The number of staff working in the welfare department has plummeted by a fifth since the benefit began life in 2013
Welfare chiefs were blasted today for pushing through “reckless” staff cuts at same time as launching Universal Credit.
The Department for Work and Pensions (DWP) has lost more than 20,000 staff, a fifth, since the benefit began life in 2013.
It comes despite complaints that the six-in-one system was leaving people in rent debt and turning to food banks or “survival sex”.
Since Universal Credit launched its completion date has been pushed back to 2023 and ministers have had to make a string of changes, including shortening waiting times and increasing advance and run-on payments.
The Public and Commercial Services Union, some of whose Universal Credit call handlers have gone on strike, said staff are facing “cuts and increased workloads”.
Universal Credit has pushed people to foodbanks and several tweaks have had to be made since it launch (Image: PA)
General Secretary Mark Serwotka told the Independent: “Our members in social security are trying hard in difficult conditions to help universal credit claimants, benefit claimants and the disabled.”
Abby Jitendra of the Trussell Trust foodbank charity told the website: “It’s really important that a big change to that system, like universal credit, is done right. Making sure there are enough frontline staff to give people a personalised service is crucial.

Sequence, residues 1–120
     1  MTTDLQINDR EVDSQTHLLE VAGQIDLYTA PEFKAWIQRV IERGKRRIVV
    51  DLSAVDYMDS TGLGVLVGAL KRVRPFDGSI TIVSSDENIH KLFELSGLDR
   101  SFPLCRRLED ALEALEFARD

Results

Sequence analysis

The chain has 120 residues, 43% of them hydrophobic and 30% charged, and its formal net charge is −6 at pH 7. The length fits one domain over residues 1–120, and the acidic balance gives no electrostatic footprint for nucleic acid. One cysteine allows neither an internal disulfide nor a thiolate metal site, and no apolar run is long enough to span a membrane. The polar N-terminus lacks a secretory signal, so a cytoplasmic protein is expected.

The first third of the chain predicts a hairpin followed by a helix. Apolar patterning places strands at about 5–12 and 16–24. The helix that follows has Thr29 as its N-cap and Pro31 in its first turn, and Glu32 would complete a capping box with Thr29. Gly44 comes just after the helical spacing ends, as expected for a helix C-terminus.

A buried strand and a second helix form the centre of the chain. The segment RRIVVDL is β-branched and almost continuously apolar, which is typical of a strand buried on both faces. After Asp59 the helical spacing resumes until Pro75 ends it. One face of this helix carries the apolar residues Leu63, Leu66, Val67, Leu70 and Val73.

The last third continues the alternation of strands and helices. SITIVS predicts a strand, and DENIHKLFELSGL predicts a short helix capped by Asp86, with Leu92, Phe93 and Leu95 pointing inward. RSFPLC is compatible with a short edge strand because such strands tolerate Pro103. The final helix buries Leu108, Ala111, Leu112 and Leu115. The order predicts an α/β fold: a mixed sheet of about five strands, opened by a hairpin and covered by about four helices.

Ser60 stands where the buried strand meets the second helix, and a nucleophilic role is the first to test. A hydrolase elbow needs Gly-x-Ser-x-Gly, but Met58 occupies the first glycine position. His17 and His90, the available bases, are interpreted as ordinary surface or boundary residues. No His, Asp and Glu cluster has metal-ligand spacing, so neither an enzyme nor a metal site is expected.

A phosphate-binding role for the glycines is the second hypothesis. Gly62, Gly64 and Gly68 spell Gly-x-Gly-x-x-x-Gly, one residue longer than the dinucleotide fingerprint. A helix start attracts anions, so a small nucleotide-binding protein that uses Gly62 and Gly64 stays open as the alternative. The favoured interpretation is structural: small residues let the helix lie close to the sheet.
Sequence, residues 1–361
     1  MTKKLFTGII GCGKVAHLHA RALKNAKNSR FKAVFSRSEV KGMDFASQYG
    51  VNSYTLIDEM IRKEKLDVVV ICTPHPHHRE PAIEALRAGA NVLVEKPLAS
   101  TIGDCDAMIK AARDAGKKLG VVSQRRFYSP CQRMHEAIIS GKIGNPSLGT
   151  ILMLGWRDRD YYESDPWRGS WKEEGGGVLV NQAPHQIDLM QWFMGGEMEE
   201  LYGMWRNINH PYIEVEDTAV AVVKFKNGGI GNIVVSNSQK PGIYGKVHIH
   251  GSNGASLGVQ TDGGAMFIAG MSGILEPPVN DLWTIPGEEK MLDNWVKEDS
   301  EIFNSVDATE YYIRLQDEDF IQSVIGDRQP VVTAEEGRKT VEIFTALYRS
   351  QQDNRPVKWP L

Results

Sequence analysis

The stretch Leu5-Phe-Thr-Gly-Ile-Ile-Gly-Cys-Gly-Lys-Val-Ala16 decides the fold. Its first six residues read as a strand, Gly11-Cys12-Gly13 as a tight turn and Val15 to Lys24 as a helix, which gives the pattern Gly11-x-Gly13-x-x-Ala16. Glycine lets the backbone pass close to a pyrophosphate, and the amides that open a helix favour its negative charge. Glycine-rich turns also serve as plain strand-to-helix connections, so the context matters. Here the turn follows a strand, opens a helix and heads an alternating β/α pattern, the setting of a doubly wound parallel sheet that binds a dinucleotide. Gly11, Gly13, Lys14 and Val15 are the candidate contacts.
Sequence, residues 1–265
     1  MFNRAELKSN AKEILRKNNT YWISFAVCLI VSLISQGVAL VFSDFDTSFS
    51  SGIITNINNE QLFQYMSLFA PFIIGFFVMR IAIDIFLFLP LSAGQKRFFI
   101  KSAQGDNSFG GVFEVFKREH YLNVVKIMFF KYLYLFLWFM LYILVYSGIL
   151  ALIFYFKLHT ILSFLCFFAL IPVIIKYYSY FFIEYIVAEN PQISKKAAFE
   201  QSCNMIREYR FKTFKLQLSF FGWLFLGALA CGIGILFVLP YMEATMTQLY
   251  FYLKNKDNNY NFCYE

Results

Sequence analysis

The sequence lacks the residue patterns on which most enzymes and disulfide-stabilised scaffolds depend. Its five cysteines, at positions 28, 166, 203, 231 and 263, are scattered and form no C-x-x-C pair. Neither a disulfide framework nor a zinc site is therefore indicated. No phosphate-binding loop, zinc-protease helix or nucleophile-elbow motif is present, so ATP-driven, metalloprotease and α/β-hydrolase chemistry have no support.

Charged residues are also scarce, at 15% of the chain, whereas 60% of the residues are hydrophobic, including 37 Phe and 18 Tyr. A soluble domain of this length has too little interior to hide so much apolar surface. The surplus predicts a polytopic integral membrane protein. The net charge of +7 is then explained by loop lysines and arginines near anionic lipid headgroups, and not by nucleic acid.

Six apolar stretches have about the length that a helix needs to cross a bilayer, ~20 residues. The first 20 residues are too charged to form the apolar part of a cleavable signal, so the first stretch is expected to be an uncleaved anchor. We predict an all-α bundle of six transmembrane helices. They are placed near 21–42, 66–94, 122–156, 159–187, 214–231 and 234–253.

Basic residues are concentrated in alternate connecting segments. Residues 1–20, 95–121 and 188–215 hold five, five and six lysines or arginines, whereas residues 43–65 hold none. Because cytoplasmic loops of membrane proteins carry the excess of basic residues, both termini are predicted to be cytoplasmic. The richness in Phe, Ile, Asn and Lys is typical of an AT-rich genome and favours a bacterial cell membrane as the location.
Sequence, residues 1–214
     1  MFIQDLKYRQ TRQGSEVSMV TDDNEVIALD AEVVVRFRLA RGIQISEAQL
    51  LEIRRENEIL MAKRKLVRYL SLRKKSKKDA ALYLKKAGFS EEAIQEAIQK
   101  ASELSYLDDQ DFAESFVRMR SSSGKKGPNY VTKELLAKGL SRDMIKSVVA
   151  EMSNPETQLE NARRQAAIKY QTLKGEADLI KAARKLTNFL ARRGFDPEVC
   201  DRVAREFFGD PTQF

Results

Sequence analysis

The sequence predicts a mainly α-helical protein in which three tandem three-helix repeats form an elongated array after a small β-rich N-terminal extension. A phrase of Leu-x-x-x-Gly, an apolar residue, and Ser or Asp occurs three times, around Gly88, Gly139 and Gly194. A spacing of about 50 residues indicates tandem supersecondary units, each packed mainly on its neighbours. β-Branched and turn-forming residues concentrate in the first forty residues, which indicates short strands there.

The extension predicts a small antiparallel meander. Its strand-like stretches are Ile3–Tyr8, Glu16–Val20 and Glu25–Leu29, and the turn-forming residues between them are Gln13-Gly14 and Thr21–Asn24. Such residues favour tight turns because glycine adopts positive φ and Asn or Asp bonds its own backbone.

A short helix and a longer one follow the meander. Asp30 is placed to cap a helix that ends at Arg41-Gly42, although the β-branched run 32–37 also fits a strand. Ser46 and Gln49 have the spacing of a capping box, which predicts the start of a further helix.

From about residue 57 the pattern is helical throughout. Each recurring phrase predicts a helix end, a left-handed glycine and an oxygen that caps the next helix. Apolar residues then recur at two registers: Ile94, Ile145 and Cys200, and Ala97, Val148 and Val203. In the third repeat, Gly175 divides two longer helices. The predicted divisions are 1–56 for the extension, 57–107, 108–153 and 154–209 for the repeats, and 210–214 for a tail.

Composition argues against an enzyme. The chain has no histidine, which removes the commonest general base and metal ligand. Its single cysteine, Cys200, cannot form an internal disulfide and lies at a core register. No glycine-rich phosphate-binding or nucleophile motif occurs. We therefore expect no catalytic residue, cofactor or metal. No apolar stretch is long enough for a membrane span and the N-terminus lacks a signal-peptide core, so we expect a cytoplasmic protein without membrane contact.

“Universal credit should be protecting people from needing a food bank – but we need to make sure it’s properly resourced if it’s to do so.”
Shadow Work and Pensions Secretary Margaret Greenwood said the cuts were “both reckless and irresponsible”.
Staff numbers have dropped from 85,309 to 82,860 in three years since the rollout of Universal Credit’s full service – the current form of the benefit – began in May 2016.
And the drop is far steeper when measured from Universal Credit’s initial launch in April 2013 – when there were 104,210 DWP staff.
That means the DWP has lost just over 20,000 staff, a fifth, in headcount terms since the spring of 2013.
DWP officials claimed staff were cut partly because “recovery from the economic downturn” means fewer people are out of work.
A DWP spokesman said: “We are focused on the quality of support we provide and the vast majority of people are satisfied with the service they get from us, with universal credit offering better personalised support.”